Christian missions continued to grow in numbers but trouble started brewing when an uprising calling themselves the “Society for Justice and Harmony” or “the Boxers” began to form in the early 20th century.

This Boxer Rebellion was catapulted to great might by the hatred of foreigners who had begun acquire land and property in China especially after the Second Opium War, which was won by the Western Powers.

Even if the missionaries were European nationalities, they were not murdered during this rebellion because of wealth issues but because of their faith, just the same way their predecessors met their death. There was much hatred for Christians and among the members of this rebellion were these Christian haters.

The Boxer Rebellion failed and Christianity continued to flourish but not without hostilities. In 1950, all missions were banned in China by the new communist regime and up to date they are still legally outlawed.

The Boxer Rebellion claimed so many Christian souls of the Chinese as well as missionaries. They are as follows;

Martyrs of Shanxi

  • Gregorio Grassi, (Bishop of Franciscan Friars Minor). Murdered on July 9 1900 during the Taiyuan massacre.
  • Francis Fogolla, Bishop of Franciscan Friars Minor). Murdered on July 9 1900 during the Taiyuan massacre.
  • Elias Facchini, (Priest of Franciscan Friars Minor). Murdered on July 9 1900 during the Taiyuan massacre.
  • ThΓ©odoric Balat, (Priest of Franciscan Friars Minor). Murdered on July 9 1900 during the Taiyuan massacre.
  • Andrew Bauer, (Religious brother of Franciscan Friars Minor). Murdered on July 9 1900 during the Taiyuan massacre.

Martyrs of Southern Hunan

  • Anthony Fantosati, (Bishop of Franciscan Friars Minor). Murdered on July 7 1900 in Southern Hunan.
  • Joseph Mary Gambaro, (Priest of Franciscan Friars Minor). Murdered on July 7, 1900 in Southern Hunan.
  • Cesidio Giacomantonio, (Priest of Franciscan Friars Minor). Murdered on July 4 1900 in Southern Hunan.
  • Alberic Crescitelli, (Priest of the Pontifical Institute for Foreign Missions of Milan). Murdered on July 21 1900 in Southern Shaanxi.
  • Mary Hermina of Jesus of Franciscan Missionaries of Mary (Before death was called Irma Grivot)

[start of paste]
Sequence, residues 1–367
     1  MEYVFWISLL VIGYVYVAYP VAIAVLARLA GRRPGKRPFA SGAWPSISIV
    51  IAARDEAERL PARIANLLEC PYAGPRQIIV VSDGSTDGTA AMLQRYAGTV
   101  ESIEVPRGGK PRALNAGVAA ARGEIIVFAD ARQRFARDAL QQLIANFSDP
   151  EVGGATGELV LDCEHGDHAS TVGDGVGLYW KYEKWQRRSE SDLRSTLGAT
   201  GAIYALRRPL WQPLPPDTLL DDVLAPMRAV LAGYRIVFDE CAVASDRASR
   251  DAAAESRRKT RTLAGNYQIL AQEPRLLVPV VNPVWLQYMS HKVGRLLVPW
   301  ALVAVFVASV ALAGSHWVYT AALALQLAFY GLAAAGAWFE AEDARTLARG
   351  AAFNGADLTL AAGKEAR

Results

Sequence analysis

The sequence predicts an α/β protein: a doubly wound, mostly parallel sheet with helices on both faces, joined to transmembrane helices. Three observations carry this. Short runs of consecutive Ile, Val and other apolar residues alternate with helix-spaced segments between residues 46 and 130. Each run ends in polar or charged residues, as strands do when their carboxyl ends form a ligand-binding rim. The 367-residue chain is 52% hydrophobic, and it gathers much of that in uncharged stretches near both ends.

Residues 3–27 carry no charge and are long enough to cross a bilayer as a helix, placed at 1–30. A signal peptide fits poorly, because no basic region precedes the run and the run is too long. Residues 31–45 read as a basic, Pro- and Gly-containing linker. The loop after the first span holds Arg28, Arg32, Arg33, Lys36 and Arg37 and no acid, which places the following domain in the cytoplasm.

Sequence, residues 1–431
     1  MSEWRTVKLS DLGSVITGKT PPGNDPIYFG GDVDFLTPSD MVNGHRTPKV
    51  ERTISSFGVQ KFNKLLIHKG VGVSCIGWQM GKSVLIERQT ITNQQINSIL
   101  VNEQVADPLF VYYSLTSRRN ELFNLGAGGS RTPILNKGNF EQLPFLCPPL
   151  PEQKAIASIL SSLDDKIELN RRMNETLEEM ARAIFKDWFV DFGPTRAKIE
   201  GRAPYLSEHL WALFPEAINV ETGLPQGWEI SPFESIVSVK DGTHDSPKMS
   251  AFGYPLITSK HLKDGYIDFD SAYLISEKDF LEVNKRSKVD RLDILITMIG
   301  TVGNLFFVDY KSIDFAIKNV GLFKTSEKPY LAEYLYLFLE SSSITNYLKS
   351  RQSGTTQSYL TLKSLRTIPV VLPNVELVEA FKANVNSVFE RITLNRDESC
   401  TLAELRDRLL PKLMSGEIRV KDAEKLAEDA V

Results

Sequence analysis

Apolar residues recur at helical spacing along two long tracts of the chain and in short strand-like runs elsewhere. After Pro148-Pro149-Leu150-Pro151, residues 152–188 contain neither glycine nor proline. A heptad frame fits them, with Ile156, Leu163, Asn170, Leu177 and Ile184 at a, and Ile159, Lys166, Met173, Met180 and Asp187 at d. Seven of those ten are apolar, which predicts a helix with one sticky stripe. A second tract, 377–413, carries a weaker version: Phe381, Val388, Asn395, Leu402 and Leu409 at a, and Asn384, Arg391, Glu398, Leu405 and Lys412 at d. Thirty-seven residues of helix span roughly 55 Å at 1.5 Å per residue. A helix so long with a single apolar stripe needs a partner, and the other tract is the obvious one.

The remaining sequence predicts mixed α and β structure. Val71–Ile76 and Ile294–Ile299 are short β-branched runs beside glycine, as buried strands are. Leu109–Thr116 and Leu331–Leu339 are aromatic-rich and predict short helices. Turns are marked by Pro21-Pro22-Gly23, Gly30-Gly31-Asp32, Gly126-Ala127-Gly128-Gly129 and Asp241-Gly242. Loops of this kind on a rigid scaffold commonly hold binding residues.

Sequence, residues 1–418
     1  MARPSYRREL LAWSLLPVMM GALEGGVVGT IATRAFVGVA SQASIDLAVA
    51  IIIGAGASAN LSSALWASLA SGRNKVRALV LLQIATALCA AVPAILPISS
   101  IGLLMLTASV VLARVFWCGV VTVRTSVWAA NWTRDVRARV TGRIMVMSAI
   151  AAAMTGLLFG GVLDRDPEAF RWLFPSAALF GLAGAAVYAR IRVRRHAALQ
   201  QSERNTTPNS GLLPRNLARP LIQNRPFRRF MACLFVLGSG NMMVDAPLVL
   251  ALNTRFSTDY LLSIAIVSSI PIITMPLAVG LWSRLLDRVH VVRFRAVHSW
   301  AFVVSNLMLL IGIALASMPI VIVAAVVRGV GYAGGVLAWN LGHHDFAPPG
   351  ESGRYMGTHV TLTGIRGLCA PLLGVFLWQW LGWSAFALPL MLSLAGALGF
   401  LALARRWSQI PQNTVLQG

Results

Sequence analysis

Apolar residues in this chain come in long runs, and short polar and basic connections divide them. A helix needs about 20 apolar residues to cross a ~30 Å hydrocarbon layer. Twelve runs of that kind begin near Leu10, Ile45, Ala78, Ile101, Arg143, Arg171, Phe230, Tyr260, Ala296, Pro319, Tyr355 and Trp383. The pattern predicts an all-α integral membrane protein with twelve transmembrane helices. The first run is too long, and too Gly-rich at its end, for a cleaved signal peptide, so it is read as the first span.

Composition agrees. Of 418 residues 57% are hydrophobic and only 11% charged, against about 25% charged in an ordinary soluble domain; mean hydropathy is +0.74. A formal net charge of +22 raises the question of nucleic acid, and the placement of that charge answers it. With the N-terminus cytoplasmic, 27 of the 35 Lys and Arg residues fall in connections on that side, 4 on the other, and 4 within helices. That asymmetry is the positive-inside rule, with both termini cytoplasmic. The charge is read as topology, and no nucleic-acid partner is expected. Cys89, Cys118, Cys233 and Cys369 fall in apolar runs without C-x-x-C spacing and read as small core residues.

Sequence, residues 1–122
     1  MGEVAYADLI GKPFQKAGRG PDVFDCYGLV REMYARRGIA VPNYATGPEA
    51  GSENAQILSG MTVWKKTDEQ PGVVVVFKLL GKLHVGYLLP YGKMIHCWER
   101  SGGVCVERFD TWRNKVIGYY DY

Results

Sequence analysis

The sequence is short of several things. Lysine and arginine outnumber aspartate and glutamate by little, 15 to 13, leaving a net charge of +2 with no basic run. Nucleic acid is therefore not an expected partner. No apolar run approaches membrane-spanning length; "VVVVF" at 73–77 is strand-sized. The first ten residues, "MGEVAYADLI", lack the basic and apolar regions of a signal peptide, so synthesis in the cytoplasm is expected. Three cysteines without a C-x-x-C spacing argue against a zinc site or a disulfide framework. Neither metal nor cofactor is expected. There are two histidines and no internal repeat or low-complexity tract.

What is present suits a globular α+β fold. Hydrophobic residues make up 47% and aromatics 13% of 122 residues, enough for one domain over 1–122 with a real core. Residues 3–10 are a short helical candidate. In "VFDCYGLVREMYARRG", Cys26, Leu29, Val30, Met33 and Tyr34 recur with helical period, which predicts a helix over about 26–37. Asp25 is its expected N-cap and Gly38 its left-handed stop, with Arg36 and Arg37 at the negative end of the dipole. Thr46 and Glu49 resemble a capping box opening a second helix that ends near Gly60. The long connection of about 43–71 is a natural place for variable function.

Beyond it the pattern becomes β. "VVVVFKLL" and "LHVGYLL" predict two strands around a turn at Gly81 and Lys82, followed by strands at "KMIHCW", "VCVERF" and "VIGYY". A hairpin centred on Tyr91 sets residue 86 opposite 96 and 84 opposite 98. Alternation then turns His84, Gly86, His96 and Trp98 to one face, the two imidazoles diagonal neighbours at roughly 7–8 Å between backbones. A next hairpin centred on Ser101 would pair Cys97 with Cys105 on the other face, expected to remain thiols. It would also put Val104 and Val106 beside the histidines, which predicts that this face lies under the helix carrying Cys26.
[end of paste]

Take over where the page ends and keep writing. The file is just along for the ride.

• Marie de la Paix Giuliani of Franciscan Missionaries of Mary (Before death was called Mary Ann Giuliani)
  • Maria Chiara Nanetti of Franciscan Missionaries of Mary (Before death was called Clelia Nanetti)[5]
  • Marie of Saint Natalie of Franciscan Missionaries of Mary (Before death was called Joan Mary Kerguin)
  • Marie of Saint Just of Franciscan Missionaries of Mary (Before death was called Ann Moreau)
  • Marie-Adolphine of Franciscan Missionaries of Mary (Before death was called Ann Dierk)
  • Mary Amandina of Franciscan Missionaries of Mary (Before death was called Paula Jeuris)

The Jesuits

Leo Mangin, (Priest of The Society of Jesus – Jesuit). Murdered in July 1900.
Paul Denn, (Priest of The Society of Jesus – Jesuit). Murdered in July 1900.
RΓ©my IsorΓ©, (Priest of The Society of Jesus – Jesuit). Murdered in July 1900.
Modeste Andlauer, (Priest of The Society of Jesus – Jesuit). Murdered in July 1900.

Seminarians and Laymen

  • John Zhang Huan (Seminarian)
  • Patrick Dong Bodi (Seminarian)
  • John Wang Rui (Seminarian)
  • Philip Zhang Zhihe (Seminarian)
  • John Zhang Jingguang (Seminarian)
  • Thomas Shen Jihe (Layman and a manservant)
  • Simon Qin Chunfu (Lay catechist)
  • Peter Wu Anbang (Layman)
  • Francis Zhang Rong (Layman and a farmer)
  • Matthew Feng De (Layman and neophyte)
  • Peter Zhang Banniu (Layman and labourer)
  • James Yan Guodong (Lay faithful, farmer)
  • James Zhao Quanxin (Lay faithful, manservant)
  • Peter Wang Erman (Lay faithful, cook)

Martyrs of China Veneration

The martyrs of China are venerated in the Catholic Church

Martyrs of China Beatification

The Martyrs of China were beatified by Pope Pius XII on November 24 1946

Martyrs of China Canonization

The Martyrs of China were canonized by Pope John Paul II on October 1 2000

Martyrs of China Feast Day

We celebrate the feast day of Martyrs of China on July 9 during the feast of Saint Augustine Zhao Rong and Companions, Martyrs as an Optional Memorial